7   +   5   =  

Baby Boom Beijing, or simply BBB, evolved from a small tattoo shop in the heart of Gulou Dajie into a collaborative club space housing tattoo (stating the obvious here) artists, hairstylists, mixologists, graphic designers, record collection curators and hosting DJs from all over the capital as well as China by large. Time to get Bigger, Bolder and Better, baby!

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Disclaimer
This interview with the BBB founders, whose actual names shall hereby remain shrouded in mystery, comes courtesy of MusicDish*China 独立小炒 , a creative music agency based in Beijing, focused on producing and promoting live music events across China. Temper thanks Thee for always keeping the finger on the pulsating beats! And allowing us to share a few more hot, hip, happening insights into China’s urban slash underground culture.

 

Let’s start with the obvious question. What inspired you to open Baby Boom Beijing?

Baby Boom Beijing was initially a small tattoo shop in the heart of Gulou Dajie. It wasn’t long until that became a spot between friends and peers to hangout, and as our “family” got bigger and more versatile, BBB started to become more than a tattoo parlor, it was our living room.

In less than a year, parties were being held weekly (and subsequently shut down by neighbors and police authorities), piercings, hairstyling services started being offered. In no time we had to look for something Bigger, Better and Bolder.

As COVID-19 hit, we thought it was our chance to bring BBB to the next level. We never thought BBB would take off like it did, all we were really looking for was a bigger living room to keep pursuing our passions and hang out.

Current address: No.46 Fangjia Hutong

Baby Boom Bar

Tell us something about the different personalities of the founders and how they are reflected in the club.

What’s great about Baby Boom Beijing is that, as a collaborative space, our founders don’t have to express themselves through the club, some have followed their passion as tattoo artists, hairstylists, mixologists, graphic designers, DJs or record collection curators. We feel that this diversity of talent and passion is a huge part of what gives BBB its unique feel.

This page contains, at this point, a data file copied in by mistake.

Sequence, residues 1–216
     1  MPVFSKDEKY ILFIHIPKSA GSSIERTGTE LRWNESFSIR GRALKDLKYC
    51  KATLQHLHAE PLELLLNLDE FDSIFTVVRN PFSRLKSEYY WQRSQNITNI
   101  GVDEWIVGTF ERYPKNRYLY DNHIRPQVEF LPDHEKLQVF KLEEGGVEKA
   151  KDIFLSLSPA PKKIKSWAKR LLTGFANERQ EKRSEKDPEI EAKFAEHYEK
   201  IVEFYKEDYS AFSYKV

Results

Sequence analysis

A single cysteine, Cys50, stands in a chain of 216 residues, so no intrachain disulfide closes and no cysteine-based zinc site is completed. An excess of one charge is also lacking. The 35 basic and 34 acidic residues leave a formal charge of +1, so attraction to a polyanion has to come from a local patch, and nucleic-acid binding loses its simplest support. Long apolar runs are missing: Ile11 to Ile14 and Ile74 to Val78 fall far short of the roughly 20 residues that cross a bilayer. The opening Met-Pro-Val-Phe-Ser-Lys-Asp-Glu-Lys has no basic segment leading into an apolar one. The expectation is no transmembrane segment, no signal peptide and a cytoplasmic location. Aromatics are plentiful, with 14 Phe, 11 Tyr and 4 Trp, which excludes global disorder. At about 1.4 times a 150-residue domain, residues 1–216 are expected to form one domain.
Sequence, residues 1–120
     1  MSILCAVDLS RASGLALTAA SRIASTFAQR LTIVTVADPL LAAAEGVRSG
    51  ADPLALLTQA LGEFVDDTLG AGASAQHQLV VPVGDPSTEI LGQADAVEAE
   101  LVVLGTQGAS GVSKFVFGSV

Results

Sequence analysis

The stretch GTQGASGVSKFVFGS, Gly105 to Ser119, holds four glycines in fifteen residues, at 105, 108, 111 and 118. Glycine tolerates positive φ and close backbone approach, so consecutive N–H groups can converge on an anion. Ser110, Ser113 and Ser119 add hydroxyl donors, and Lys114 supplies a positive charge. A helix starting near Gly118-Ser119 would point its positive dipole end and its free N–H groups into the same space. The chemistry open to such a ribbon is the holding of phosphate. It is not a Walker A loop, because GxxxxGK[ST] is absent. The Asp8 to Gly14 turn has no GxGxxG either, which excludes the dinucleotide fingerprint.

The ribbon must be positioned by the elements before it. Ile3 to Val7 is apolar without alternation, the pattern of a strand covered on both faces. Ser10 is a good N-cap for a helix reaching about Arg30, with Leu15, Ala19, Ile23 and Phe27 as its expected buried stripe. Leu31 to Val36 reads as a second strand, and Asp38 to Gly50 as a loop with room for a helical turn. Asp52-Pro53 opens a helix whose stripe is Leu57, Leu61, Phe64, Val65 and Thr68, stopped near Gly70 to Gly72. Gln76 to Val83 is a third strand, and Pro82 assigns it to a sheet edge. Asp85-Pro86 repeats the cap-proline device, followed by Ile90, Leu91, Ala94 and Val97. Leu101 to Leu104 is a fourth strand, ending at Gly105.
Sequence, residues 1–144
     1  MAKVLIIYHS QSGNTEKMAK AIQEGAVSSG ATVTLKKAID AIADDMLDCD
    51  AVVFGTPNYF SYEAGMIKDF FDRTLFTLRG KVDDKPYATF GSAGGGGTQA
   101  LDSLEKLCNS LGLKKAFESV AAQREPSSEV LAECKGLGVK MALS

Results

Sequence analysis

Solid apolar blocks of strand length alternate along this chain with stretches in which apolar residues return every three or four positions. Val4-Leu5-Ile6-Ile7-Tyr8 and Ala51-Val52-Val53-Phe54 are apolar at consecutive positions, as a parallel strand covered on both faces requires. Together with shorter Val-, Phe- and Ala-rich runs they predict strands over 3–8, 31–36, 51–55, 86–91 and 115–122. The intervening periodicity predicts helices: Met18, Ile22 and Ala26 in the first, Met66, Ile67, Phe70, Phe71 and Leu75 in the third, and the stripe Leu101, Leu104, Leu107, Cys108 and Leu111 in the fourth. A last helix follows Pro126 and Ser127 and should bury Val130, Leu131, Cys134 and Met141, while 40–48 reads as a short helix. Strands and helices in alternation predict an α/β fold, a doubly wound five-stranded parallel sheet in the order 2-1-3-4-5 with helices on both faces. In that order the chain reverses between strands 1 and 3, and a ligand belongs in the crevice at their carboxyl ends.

BBB’s programming is quite different from what one might find at other clubs… You guys seem to like to veer from the standard and take a risk. How do you approach programming a night? What are the factors/characteristics in the acts/DJs that you book?

We are glad to hear that. As much as we want and try to do something new, promoters and DJs from all over Beijing and China contact us to book their events at BBB. We are all new to the scene so we try to learn from the local artists to discover the perfect formulas for the club and new sounds ourselves. In general, we try to keep our events groovy: whether it is Disco, House, Techno or Hip Hop. There are many shapes of electronic sounds that aren’t very common to Beijing’s nightlife, our next step will be to bring all of those to the capital. Even as club owners, we try to keep in mind what should be a DJ’s priority: the crowd. We see, listen and feel what our crowds like and try to give them what they want.

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Elaborating on the previous question, what’s a typical night at BBB look like? What feeling/emotion do you want to leave with the audience at the end of the night?

We want people to feel… as we said before, not at home but in a friend’s living room in a warehouse in Europe, where each room represents the different tenants bedrooms, the tattoo artists, the music lover, the hairstylists and the passionate bartender.

We do our best to greet every single partygoer that comes to BBB, not just clubbers. We have a very diverse clientele and we don’t want them to feel any distance between the staff and the customers. We try our best to act like hosts towards our audience.

 

Of course, BBB must be your favorite venue. But what are the other venues (livehouses, clubs,…) that are your go-to places?

Some of us are new to clubbing, others have been clubbing almost their entire lives. For us it not really a matter of the club, we choose our nights out according to the music and line-up. Dada was always a go-to destination after work in the first BBB, Wigwam is where we started discussing opening BBB Bar and MCLAB makes us feel like traveling to a warehouse party in Europe. We don’t have favorite spots, we go to different clubs for different occasions, but those are probably the ones that hold a special place in our hearts.

baby boom bar

Are there clubs outside Beijing that influenced how you designed and run BBB? What are your favorites?

From the beginning, we tried not to get inspiration from other venues, especially other venues in Beijing or China. We did not have specific venues in mind, at BBB there is a bit of everything from everywhere. The sense of a living room like Farbfernseher (Berlin), the friendly environment of Zhu Bar (Tokyo), the funky grooves of Dalston Super Store (London) and House of Yes (NYC), the retro TVs like Killer Kitchen (Milan), the record store like Fred, Ral 8022 and Santeria (Milan).

 

The outside patio space seems be an important extension of the club (rather than separate) and designed as such. What this a conscious decision when you renovated the venue?